Using getChunk() To Separate Form and Content

Make your code more robust, and easier to maintain by using the MODX getChunk() method.

By Bob Ray
October 11, 2022
Using getChunk() To Separate Form and Content

After writing plenty of bad code, I’ve gradually learned that it pays to think about maintaining code when you write it. A common mantra in the world of web programming is that one should always separate form from content. Or in other words, model from view, or logic from presentation, or data from display, or code from content. The time spent doing this is paid back many times over later on when you need to make changes in your code.

In practice, this most often means trying to keep HTML and CSS out of your PHP code, and vice versa. One of the great benefits of MODX code is that it encourages you to do this in two ways. First, it doesn’t allow PHP code in Chunks. Second, it provides placeholders and the modx->getChunk() method to help you separate the logic of your code from the display that end users will see (also called the “presentation layer”).

The worst case of mixed PHP and HTML code I ever encountered was when I helped a friend modify a WordPress site based on the default, and very popular, Kubrick theme. My friend just wanted to modify the look of the heading at the top of the home page.

I discovered that the Kubrick theme was a surprising mishmash of HTML code, PHP code, calls to utility functions, and inline CSS code. It took me three full days to make a relatively minor change to the look of the header section of the home page. To be fair, I’m sure that a WordPress expert could have done it very quickly, and I’m told that the Kubrick theme has improved quite a bit since then.

getChunk()

In my early days with MODX, I used $modx->getChunk() in Snippets just to pull in content that I wanted to use in multiple places on the site, like header and footer Chunks. Here’s an example:

/* GetFooter snippet */
return $modx->getChunk('FooterChunk');

It wasn’t until later that I understood the value of the second argument to getChunk(), which can contain an array of placeholder names and their values. MODX will replace each placeholder in the Chunk with its corresponding value.

The code in the next two sections shows the wrong way to do it, and the right way using $modx->getChunk() with both arguments.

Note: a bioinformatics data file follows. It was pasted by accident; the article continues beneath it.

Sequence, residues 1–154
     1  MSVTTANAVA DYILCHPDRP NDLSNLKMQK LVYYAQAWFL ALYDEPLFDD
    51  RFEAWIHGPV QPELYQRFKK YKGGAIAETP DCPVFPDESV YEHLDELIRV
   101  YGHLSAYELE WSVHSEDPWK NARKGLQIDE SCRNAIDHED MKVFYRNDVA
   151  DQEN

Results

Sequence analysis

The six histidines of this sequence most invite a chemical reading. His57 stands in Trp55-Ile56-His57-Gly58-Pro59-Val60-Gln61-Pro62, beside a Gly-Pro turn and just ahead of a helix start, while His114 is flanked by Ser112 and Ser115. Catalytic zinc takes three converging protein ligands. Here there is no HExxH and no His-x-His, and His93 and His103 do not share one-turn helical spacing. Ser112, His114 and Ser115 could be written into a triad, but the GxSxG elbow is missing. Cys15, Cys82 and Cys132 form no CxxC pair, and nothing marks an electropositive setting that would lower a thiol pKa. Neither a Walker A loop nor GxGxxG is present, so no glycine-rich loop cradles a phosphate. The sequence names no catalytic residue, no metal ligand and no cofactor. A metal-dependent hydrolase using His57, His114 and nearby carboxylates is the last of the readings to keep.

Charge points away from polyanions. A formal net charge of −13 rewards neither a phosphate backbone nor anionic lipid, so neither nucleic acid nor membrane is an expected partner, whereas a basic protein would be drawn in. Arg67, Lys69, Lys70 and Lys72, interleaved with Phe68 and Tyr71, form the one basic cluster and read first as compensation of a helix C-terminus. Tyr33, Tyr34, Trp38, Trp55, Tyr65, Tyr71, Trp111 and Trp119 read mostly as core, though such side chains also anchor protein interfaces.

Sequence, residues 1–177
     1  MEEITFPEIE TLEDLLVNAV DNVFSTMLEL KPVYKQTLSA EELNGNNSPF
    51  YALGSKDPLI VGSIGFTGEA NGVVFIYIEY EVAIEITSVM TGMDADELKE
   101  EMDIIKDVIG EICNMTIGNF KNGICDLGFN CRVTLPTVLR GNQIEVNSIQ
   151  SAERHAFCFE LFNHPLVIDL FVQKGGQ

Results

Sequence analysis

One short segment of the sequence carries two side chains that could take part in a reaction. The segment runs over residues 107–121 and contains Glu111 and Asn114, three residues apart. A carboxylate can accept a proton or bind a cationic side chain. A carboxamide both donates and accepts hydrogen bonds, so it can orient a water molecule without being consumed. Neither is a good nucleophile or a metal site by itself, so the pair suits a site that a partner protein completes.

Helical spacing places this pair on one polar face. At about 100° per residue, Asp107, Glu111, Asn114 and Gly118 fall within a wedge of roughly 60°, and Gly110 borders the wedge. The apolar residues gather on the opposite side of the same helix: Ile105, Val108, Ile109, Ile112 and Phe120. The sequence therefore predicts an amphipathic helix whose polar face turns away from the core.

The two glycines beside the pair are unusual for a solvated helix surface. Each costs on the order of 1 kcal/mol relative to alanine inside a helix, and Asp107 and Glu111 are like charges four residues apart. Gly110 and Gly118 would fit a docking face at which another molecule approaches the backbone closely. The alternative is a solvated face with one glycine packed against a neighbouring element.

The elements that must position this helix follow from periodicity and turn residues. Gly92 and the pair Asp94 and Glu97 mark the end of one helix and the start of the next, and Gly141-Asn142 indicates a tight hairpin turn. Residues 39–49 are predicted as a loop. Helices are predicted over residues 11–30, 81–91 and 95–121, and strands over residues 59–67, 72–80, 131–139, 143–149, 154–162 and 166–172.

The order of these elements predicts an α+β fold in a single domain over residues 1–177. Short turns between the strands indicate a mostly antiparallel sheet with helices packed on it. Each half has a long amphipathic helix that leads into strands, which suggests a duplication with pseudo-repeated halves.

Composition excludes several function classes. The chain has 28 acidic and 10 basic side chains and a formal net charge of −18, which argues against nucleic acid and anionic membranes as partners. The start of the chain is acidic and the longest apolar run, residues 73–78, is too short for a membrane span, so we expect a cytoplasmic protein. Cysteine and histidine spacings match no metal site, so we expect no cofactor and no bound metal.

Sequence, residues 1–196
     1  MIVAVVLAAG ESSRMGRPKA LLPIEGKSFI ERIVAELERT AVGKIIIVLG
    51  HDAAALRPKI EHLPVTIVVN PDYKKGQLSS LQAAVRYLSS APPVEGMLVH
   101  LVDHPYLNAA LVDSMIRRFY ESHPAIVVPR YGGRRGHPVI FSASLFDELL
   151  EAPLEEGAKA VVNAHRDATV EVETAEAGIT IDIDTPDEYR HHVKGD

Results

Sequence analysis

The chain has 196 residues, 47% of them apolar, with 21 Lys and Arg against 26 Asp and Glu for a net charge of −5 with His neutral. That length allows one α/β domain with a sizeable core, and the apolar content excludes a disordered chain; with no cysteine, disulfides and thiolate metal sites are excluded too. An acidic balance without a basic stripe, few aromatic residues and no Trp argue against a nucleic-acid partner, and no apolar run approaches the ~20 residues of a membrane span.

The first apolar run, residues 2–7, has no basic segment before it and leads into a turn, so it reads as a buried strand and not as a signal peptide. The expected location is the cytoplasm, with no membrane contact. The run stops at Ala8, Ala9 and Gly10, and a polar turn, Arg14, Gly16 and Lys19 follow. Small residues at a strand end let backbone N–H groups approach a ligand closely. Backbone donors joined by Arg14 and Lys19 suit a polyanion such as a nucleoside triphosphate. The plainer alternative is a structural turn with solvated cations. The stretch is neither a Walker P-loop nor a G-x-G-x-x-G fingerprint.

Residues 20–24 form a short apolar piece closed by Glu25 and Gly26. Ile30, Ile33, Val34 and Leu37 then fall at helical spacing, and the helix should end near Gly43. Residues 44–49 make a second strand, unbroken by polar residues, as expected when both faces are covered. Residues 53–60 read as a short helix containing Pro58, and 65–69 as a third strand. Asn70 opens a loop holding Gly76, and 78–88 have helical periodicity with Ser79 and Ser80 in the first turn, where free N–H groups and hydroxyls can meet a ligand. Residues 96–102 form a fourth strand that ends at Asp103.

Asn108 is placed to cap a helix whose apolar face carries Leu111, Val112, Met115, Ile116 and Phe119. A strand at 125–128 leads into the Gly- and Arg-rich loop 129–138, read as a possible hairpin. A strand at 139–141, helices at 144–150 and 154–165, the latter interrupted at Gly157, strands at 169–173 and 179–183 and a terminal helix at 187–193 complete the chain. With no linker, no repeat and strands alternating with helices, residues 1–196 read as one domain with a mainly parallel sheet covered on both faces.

A Bad Mixture

Here is a classic example of mixing layers in a way that will make the code difficult to maintain:

$output = "";
$output .= '### User: ' . $username .  '' .
    'Email: ' . $email . '' . 'Phone: ' .
    $phone . '';

It’s embarrassing to look at Extras I wrote long ago and see lines like the ones above. How much cleaner and more sensible is it to put the display aspects in a Chunk and let the code handle just the data? The approach below produces the same output as the code above.

The Chunk:

### User: [[+username]]
Email: [[+email]]
Phone: [[+phone]]

The Code

$output = '';

$fields = (
   'username' => $username,
   'email' => $email,
   'phone' => $phone,
);

$output .= $modx->getChunk('myChunk', $fields);

The MODX getChunk() method is very fast, and if you decide to change the way users are displayed, it will be very easy to modify the Chunk or the CSS to improve the display without touching the code at all. Keep in mind, too, that every time you modify the PHP code, you risk temporarily breaking the site. Modifying the Chunk or the CSS could give you a less-than-perfect display, but it’s very unlikely to crash anything.

That said, there are times you need to construct the output dynamically like the first example above. If, for example, your code needs to modify the content or style of each line based on the values of the variables, you can make a case for putting that logic, and some HTML, in the code. Even then, though, you can often set a placeholder for the class of an HTML tag and use CSS to modify its appearance by making it bold, italic, hidden, or in a different font.

Suppose you’re creating a list of users by username, and you want to have the names of administrator users in bold. You could do something like this in your code:

In your RowTpl Chunk, used for each row of the list:

<li class="[[+user_class]]">
  [[+listed_user]]

In your Snippet, when you loop through the users:

$output = '';

/* Get array of users here */

foreach ($users as $user) {
    $fields = array();
    $fields['listed_user'] = $user->get('username');

    if ($user->isMember('Administrator')) {
       $fields['user_class'] = 'admin_user';
    } else {
       $fields['user_class'] = 'normal_user';
    }

    $output .= $modx->getChunk('UserTpl', $fields);
}

Now, the * tag will have a different class depending on the type of user. You can use CSS to control the display of administrator and non-administrator users without touching your code. This is a much better approach than putting <b></b> tags in your Snippet.

Too Much of a Good Thing

We can agree that in the first two examples of this article, the second version is vastly better than the first. That doesn’t mean, however, that it’s a good idea to put everything in a Chunk that can go in one. Before moving content down to another level with nested MODX tags, or a complex conditional output modifier, think about whether you really have a reason to do so.

We have looked at the disadvantages of excessive nesting of MODX tags in my previous article.


Bob Ray is the author of the MODX: The Official Guide and dozens of MODX Extras including QuickEmail, NewsPublisher, SiteCheck, GoRevo, Personalize, EZfaq, MyComponent and many more. His website is Bob’s Guides. It not only includes a plethora of MODX tutorials but there are some really great bread recipes there, as well.